‘Riding in tandem’ killings proof of breakdown in law and order — HRW
MANILA, Philippines — The three recent cases of “riding-in-tandem” killings in the country is proof of the “breakdown in law and order in the Philippines,” the Human Rights Watch said Tuesday.
Researcher Carlos Conde cited the killings of church worker Salvador Romano in Negros Oriental, Dinagat Islands’ provincial board member Wenefredo Olofernes in Surigao City, and businessman Arnel Agustin from Cagayan province last Sunday.
“These three cases highlight the breakdown in law and order in the Philippines,” Conde said in a statement.
“Guns for hire – whether paid hitmen or local government-linked ‘death squads’ – operate knowing that the risk of arrest, let alone successful prosecution, is minuscule,” he added.
He also quoted the police as saying that four people are killed by “riding in tandem” shooters daily.
Conde added that it would not be a “surprise” if many of the gun-for-hires are police officers as the police have “outsourced” killings since the Duterte administration’s campaign against illegal drugs have come under “increased global scrutiny.”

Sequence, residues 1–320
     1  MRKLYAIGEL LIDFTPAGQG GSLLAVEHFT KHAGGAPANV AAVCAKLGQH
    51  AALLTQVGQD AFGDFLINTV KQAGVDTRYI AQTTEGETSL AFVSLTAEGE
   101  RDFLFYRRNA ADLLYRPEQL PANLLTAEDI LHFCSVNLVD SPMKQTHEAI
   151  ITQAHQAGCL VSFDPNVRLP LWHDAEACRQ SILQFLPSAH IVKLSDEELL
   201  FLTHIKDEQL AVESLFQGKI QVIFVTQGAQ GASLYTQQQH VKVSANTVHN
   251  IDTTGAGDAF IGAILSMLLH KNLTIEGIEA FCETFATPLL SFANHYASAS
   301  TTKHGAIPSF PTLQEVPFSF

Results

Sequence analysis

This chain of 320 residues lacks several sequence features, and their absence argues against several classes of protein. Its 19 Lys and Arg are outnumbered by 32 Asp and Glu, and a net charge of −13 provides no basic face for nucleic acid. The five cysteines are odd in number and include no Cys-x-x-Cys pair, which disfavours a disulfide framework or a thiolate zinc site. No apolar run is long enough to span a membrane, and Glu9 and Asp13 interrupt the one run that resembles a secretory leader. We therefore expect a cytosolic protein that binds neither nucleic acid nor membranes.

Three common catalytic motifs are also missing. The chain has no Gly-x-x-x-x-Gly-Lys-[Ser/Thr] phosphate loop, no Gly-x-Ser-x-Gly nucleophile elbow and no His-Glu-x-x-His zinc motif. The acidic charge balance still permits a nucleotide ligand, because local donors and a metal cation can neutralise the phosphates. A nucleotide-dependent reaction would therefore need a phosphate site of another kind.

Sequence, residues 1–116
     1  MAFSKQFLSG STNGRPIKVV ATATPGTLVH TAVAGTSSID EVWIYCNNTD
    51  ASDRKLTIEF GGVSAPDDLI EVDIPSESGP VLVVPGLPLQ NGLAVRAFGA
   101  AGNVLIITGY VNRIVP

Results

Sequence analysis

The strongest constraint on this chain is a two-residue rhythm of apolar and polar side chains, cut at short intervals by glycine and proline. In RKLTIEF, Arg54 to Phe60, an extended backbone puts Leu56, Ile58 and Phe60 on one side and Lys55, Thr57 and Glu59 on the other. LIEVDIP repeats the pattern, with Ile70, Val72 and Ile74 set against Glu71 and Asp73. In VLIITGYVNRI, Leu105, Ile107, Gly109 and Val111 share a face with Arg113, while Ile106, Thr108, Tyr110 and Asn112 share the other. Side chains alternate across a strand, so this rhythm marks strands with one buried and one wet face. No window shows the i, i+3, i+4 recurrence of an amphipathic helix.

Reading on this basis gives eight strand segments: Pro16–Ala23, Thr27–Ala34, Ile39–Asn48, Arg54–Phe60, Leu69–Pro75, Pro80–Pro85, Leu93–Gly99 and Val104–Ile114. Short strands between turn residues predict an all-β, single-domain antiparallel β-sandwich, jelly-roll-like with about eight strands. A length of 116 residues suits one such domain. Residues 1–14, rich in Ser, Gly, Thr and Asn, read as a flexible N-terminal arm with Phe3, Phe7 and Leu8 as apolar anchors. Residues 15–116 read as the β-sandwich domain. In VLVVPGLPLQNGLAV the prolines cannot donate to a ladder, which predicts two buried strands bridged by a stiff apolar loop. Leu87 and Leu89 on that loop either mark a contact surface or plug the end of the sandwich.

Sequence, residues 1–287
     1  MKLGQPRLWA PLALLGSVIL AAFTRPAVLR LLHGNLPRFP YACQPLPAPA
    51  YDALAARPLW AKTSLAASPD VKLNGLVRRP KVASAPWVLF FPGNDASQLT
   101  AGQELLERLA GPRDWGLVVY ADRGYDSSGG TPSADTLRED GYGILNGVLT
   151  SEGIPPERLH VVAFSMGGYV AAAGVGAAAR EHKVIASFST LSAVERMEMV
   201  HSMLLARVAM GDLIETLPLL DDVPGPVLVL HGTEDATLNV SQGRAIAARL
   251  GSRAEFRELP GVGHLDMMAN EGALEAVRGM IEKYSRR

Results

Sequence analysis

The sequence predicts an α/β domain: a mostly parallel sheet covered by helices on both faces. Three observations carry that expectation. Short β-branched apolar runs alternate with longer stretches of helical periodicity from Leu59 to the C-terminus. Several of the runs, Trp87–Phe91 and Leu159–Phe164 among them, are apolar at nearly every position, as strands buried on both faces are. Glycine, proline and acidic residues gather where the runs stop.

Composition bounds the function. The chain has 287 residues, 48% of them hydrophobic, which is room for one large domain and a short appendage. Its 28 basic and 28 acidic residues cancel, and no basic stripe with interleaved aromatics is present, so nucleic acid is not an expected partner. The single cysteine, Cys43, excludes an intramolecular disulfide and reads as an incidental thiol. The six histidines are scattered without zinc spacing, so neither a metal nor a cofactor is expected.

“‘Riding-in-tandem’ killings and the government’s failure to stop them are a daily reminder of the need for greater international monitoring,” he said.
The United Nations Human Rights Council (UNHRC) is poised to adopt a resolution on the human rights crisis in the Philippines, which Conde said will “put the government on notice” that it needs to “end the carnage.”
Twenty-eight nations have urged the UNHRC to take further action on the human rights situation in the Philippines amid allegations of violations. (Editor: Eden Estopace)
Subscribe to INQUIRER PLUS to get access to The Philippine Daily Inquirer & other 70+ titles, share up to 5 gadgets, listen to the news, download as early as 4am & share articles on social media. Call 896 6000.